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“Don’t listen to a word Jim is saying. I’m sorry Jim, but I’m on to you. You’re just trying to make it better for your team while

making the rest of us suffer. I’ve seen you do it before. You’re

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a real jerk, you know that? I’m sorry, but someone has to have

the guts to tell it like it is. ”

Meaning: To get my way I’ll say bad things about you and then pretend that I’m the only one with any integrity.

look for Your Style Under Stress

Let’s say you’ve been watching for both content and conditions! You’re paying special attention to when a conversation turns cru­ cial. To catch this important moment, you’re looking for signs

that safety is at risk. As safety is violated, you even know to watch for various forms of silence and violence. So are you now fully armed? Have you seen all there is to see?

Actually, no. Perhaps the most difficult element to watch closely as you’re madly dual-processing is your own behavior.

 

 

LEARN TO LOOK 55

Frankly, most people have trouble pulling themselves away from the tractor beam of the argument at hand. Then you’ve got the problem other people present as they employ all kinds of tactics. You’ve got to watch them like a hawk. It’s little wonder that pay­ ing close attention to your own behavior tends to take a back­

seat. Besides, it’s not like you can actually step out of your body and observe yourself. You’re on the wrong side of your eyeballs.

Low selfmonitors. The truth is, we all have trouble monitor­ ing our own behavior at times. We usually lose any semblance of social sensitivity when we become so consumed with ideas and causes that we lose track of what we’re doing. We try to bully our way through. We speak when we shouldn’t. We do things that don’t work-all in the name of a cause. We eventually become so unaware that we become a bit like this fellow of Jack Handy’s invention.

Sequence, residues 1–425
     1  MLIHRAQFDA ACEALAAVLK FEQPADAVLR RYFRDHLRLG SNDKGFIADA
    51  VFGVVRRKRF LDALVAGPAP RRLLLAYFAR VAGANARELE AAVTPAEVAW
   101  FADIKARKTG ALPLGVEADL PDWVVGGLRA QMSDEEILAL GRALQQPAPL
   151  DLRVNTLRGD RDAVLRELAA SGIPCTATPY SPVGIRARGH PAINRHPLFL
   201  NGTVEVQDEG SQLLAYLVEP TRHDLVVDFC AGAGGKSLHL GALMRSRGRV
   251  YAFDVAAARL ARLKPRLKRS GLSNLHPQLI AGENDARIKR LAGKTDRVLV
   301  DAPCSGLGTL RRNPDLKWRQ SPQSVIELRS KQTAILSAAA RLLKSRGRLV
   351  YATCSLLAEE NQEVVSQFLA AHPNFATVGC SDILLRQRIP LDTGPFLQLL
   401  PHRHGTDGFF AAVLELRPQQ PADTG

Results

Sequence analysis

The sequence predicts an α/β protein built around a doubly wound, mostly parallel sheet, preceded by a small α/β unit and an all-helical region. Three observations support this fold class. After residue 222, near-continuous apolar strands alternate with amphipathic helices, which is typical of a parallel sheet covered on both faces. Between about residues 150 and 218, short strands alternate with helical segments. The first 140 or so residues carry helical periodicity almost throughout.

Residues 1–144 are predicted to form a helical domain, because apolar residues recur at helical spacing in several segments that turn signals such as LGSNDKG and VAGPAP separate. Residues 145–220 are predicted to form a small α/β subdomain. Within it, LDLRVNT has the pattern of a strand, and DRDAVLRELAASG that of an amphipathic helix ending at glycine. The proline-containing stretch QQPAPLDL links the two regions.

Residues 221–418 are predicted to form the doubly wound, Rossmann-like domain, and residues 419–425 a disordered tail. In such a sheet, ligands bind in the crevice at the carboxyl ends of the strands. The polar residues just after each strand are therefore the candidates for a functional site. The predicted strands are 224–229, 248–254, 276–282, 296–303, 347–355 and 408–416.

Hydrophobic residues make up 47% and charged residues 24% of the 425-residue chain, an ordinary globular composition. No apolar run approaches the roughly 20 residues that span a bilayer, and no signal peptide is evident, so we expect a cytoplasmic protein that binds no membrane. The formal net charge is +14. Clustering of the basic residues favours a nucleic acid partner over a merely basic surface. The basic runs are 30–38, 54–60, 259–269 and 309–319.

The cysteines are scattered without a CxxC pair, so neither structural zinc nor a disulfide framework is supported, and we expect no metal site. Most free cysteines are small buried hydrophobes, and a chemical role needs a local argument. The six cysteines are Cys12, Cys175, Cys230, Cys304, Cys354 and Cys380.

«People were always talking about how mean this guy was who lived on our block. But I decided to go see for myself. I went to his door, but he said he wasn’t the mean guy, the mean guy lived in that house over there. ‘No, you stupid idiot, ‘ I said, ‘that’s my house. ‘”

Unfortunately, when you fail to monitor your own behavior, you can look pretty silly. For example, you’re talking to your spouse about the fact that he or she left you sitting at the auto repair shop for over an hour. After pointing out that it was a sim­ ple misunderstanding, your spouse exclaims: “You don’t have to get angry.”

Then you utter those famous words: “I’m not angry!” Of course, you’re spraying spit as you shout out your denial,

and the vein on your forehead has swelled to the size of a teenage python . You, quite naturally, don’t see the inconsistency in your response. You’re in the middle of the whole thing, and you don’t upprcciatc i t onc bit whcn your spouse laughs at you.

 

 

56 CRUCIAL CONVERSATIONS

You also play this denial game when you ingenuously answer the question, “What’s wrong?”

“Nothing’s wrong,” you whimper. Then you shuffle your feet, stare at the floor, and look wounded.

Become a Vig i la nt Self- Mon itor

What does it take to be able to step out of an argument and watch for process-including what you yourself are doing and the impact you’re having? You have to become a vigilant self­

monitor. That is, pay close attention to what you’re doing and

the impact it’s having, and then alter your strategy if necessary. Specifically, watch to see if you’re having a good or bad impact on safety.

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